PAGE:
McMillon began working for Walmart in 1984 as a summer associate in one of the company’s distribution centers. He graduated from the Walton College with a Bachelor of Science in Business Administration in accounting and also holds an M.B.A. in finance from the University of Tulsa. He serves on the Walton College’s Dean’s Executive Advisory Board. Shelley McMillon graduated from Missouri State University with a bachelor of science in education and serves on the boards of directors of the Children’s Advocacy Center of Benton County and the Bentonville Library Foundation.
The McMillons are past co-chairs of Campaign Arkansas and serve on the Executive Committee for the Campaign Arkansas Steering Committee. They are life members of the Arkansas Alumni Association and included in the Chancellor’s Society and Towers of Old Main. They are also counted as Thoroughreds for their 11 years of consecutive giving to the university.
About Campaign Arkansas: Campaign Arkansas is the ongoing capital campaign for the University of Arkansas to raise private gift support for the university’s academic mission and other key priorities. The campaign’s goal is to raise $1.25 billion to support academic and need-based scholarships, technology enhancements, new and renovated facilities, undergraduate, graduate and faculty research, study abroad opportunities and other innovative programs. The University of Arkansas provides an internationally competitive education for undergraduate and graduate students in a wide spectrum of disciplines as it works to fulfill its public land-grant mission to serve Arkansas and beyond as a partner, resource and catalyst.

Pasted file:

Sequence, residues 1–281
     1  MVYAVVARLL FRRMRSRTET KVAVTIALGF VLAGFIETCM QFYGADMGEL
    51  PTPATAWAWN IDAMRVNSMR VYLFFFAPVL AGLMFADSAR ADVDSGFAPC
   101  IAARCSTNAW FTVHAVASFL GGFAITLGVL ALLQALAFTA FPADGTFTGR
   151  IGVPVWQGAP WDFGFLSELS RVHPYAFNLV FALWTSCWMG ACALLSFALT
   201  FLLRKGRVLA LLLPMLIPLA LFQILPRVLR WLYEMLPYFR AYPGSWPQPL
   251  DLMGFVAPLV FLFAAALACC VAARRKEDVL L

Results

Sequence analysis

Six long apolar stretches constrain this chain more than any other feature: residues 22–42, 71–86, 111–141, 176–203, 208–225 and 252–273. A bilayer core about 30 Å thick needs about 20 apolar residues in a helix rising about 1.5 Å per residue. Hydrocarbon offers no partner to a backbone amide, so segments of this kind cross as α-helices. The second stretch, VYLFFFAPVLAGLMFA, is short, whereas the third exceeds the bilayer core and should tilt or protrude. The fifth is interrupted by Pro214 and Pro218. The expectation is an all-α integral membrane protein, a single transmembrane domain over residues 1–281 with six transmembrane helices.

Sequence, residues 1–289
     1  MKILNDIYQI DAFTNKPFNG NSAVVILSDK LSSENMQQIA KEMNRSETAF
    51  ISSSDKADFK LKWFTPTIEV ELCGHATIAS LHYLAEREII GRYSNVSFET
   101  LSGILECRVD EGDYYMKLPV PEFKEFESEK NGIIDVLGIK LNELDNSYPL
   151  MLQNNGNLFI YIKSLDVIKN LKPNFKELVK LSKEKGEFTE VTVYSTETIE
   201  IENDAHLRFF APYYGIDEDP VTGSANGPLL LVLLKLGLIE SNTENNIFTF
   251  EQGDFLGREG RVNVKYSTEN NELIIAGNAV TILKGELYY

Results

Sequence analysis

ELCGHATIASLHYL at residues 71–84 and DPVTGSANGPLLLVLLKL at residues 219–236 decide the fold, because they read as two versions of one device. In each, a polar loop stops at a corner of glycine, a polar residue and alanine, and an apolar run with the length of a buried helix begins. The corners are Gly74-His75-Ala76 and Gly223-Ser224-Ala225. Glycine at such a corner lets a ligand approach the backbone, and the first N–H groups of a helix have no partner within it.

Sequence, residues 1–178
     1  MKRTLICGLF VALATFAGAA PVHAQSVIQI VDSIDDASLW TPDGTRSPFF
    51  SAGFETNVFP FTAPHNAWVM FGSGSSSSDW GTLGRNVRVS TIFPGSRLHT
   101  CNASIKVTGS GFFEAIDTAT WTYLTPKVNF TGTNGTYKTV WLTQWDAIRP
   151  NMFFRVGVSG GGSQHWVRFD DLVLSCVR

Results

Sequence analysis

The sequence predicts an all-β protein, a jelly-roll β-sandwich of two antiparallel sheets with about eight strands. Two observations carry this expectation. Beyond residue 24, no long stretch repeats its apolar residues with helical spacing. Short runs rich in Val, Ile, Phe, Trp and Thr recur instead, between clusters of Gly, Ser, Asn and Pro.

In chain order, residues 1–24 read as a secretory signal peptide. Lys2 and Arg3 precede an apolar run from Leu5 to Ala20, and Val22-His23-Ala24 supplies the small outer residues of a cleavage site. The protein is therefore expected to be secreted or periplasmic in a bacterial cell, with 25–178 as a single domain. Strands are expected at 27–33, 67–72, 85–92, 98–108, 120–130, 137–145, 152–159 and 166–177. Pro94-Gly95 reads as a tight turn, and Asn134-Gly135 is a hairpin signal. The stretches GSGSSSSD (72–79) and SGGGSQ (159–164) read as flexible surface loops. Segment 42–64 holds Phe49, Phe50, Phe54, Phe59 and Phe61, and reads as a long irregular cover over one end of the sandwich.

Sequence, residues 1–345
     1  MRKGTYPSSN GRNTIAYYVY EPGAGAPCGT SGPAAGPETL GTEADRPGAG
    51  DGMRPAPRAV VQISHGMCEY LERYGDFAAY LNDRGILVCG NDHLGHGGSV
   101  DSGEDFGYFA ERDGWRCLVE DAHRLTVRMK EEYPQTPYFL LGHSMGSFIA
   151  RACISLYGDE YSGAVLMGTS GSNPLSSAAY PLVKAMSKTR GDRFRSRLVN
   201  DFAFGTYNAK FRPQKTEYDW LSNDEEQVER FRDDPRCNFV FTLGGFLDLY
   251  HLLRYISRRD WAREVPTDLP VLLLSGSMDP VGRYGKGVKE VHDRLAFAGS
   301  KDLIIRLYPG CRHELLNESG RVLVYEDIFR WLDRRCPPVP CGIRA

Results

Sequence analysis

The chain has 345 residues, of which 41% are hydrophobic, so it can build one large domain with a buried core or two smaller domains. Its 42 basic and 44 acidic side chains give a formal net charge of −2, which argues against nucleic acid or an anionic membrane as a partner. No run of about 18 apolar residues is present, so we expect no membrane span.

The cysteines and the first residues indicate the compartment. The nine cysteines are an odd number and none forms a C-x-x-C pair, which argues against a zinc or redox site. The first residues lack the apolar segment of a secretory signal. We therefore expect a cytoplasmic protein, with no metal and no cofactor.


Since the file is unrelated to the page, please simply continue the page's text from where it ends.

About the University of Arkansas: The University of Arkansas provides an internationally competitive education for undergraduate and graduate students in more than 200 academic programs. The university contributes new knowledge, economic development, basic and applied research, and creative activity while also providing service to academic and professional disciplines. The Carnegie Foundation classifies the University of Arkansas among fewer than 3 percent of colleges and universities in America that have the highest level of research activity. U.S. News & World Report ranks the University of Arkansas among its top American public research universities. Founded in 1871, the University of Arkansas comprises 10 colleges and schools and maintains a low student-to-faculty ratio that promotes personal attention and close mentoring.
David Speer, senior director of communications
Sam M. Walton College of Business
Assistant professor Mahmoud Moradi’s research could aid an unconventional approach to developing a coronavirus vaccine.
The Graduate-Professional Student Congress has named Samantha Warren as the inaugural honoree for the organization's School of Law Excellence in Leadership Award.
Aurign, a startup at Georgia State University using blockchain technology to securely file music-publishing documents, won the Heartland Challenge on Friday, May 29.
A new short play called 2084 by John Walch, assistant professor of theatre, will be performed at 1 p.m. CST Saturday, June 6, as part of the free Alone, Together festival.
Valerie Hunt, Shelly Gahagans and Karl Anderson were awarded this year's Collis R. Geren Awards for Excellence in Graduate Education in their roles as faculty and staff.